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Offline sb

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Educating for Change
« on: June 25, 2013, 09:36:47 AM »
Educating for change
Karachi:25 June: Some cows were grazing in the nearby fields and the village comprising a few makeshift huts looked deserted in the severe heat, except for a small hut echoing a Sindhi poem.
The village had no school, so some of the women from the same village, who received their education from other cities, established a school on self-help basis.
They announced that they will educate the children and the villagers helped them to build a hut to be used as a school building. Goth Gul Muhammad Mallah, a small village of coastal sub-division of Sujawal, district Thatta, is like many other villages, which are suffering due to lack of educational facilities, especially for girls.

According to the official record, the entire Taluka Sujawal has only eight state-run middle schools for girls, which located in remote areas and cannot cater remote villages. Also during Super Flood 2010, many of these schools were damaged, particularly the primary school buildings, depriving the village girls of their legitimate right. Several of these schools still lay in a dilapidated state and are neglected by the government.

"We had been confined to our abodes after completing primary education. The situation persisted for a couple of years, until this opportunity to study at our local village school. Rejoining academic activities is a jubilant experience," remarked, burqa clad student Naila Mallah.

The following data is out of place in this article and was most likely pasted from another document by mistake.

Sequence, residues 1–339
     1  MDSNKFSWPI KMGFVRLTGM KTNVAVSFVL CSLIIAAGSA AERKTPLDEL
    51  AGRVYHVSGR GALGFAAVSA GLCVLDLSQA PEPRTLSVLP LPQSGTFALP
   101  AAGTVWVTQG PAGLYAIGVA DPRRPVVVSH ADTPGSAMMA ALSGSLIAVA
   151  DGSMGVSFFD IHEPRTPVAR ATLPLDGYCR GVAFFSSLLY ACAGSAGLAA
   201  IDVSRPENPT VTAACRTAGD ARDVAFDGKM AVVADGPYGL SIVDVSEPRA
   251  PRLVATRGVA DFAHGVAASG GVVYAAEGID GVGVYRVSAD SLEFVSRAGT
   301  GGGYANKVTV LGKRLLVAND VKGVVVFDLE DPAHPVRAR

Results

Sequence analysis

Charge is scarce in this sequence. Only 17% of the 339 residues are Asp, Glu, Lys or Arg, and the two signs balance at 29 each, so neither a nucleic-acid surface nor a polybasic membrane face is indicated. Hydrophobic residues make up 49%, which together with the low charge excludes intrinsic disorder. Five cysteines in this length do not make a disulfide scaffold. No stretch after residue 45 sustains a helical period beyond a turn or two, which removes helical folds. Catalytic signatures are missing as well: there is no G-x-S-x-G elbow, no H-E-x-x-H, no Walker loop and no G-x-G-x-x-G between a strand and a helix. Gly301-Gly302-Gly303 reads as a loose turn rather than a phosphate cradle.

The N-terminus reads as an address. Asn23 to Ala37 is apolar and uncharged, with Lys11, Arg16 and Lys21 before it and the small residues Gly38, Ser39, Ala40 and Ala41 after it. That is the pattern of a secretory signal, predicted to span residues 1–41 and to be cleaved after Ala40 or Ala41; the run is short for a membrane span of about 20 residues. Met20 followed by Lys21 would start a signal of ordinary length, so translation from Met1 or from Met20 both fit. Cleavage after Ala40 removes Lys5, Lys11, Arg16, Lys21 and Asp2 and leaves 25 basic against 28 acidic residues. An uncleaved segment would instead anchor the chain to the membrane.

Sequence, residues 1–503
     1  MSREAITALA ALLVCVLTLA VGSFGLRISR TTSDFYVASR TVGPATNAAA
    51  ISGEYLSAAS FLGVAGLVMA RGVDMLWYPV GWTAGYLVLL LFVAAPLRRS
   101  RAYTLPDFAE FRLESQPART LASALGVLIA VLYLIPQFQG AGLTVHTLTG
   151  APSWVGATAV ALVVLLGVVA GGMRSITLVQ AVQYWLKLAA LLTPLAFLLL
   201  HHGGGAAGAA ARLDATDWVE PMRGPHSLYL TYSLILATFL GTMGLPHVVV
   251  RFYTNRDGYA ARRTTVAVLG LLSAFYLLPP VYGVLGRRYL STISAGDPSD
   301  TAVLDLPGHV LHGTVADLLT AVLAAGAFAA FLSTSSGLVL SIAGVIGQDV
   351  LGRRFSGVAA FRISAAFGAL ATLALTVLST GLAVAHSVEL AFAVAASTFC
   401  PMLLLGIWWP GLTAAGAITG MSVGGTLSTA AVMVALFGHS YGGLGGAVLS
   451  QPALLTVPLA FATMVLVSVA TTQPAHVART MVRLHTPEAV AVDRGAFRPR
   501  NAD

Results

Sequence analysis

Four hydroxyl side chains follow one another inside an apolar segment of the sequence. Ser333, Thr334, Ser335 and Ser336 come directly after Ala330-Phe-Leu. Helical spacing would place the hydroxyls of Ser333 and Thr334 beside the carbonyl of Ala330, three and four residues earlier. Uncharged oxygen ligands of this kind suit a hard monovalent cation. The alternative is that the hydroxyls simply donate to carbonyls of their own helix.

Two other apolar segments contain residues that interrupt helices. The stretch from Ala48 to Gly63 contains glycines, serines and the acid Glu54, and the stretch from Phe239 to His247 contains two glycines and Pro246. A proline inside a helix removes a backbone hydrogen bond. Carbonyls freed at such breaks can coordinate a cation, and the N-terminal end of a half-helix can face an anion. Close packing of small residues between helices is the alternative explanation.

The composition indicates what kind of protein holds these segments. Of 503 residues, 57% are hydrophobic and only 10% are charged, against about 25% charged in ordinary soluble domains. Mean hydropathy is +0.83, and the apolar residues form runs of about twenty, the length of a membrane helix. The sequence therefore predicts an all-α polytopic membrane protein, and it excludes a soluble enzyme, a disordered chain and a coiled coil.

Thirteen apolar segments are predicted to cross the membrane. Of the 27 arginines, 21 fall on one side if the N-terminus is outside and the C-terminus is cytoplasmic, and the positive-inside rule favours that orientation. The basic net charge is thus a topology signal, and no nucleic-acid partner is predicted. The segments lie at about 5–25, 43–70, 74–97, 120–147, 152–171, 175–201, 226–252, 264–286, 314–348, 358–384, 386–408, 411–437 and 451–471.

Premature and underage marriages remain a routine in our village. Therefore, girls have very few years to complete their education.
A secondary class student, Shahida Ameen said that she has witnessed women marrying very early in her village and therefore getting infected with many diseases, because they are unaware of basic health and hygiene matters. "I have asked my father not to hurry, so I may complete my education," she said.
Many villagers were appreciative of the initiative and said that they were glad to help the school. They claimed that among some of the positive arguments used by the young teachers, the most prominent and thought provoking were underage marriages and premature birth, which also results in depriving girls of basic education.
Many times young girls are deployed to go for grazing cattle and are routinely engaged in fetching water from far off water courses.
Sain Noor Muhammad Serai, a known academician and consultant of the programme said that it was only because of the enthusiasm of girl students that it was possible to make the school. "They were too keen to impart further education that a number of them, even after being disconnected from their academic atmosphere, resolved to make it work," he said, adding that some women and girls who were married and even had children were also taking advantage of the school, which is a very important and positive step.Dawn.
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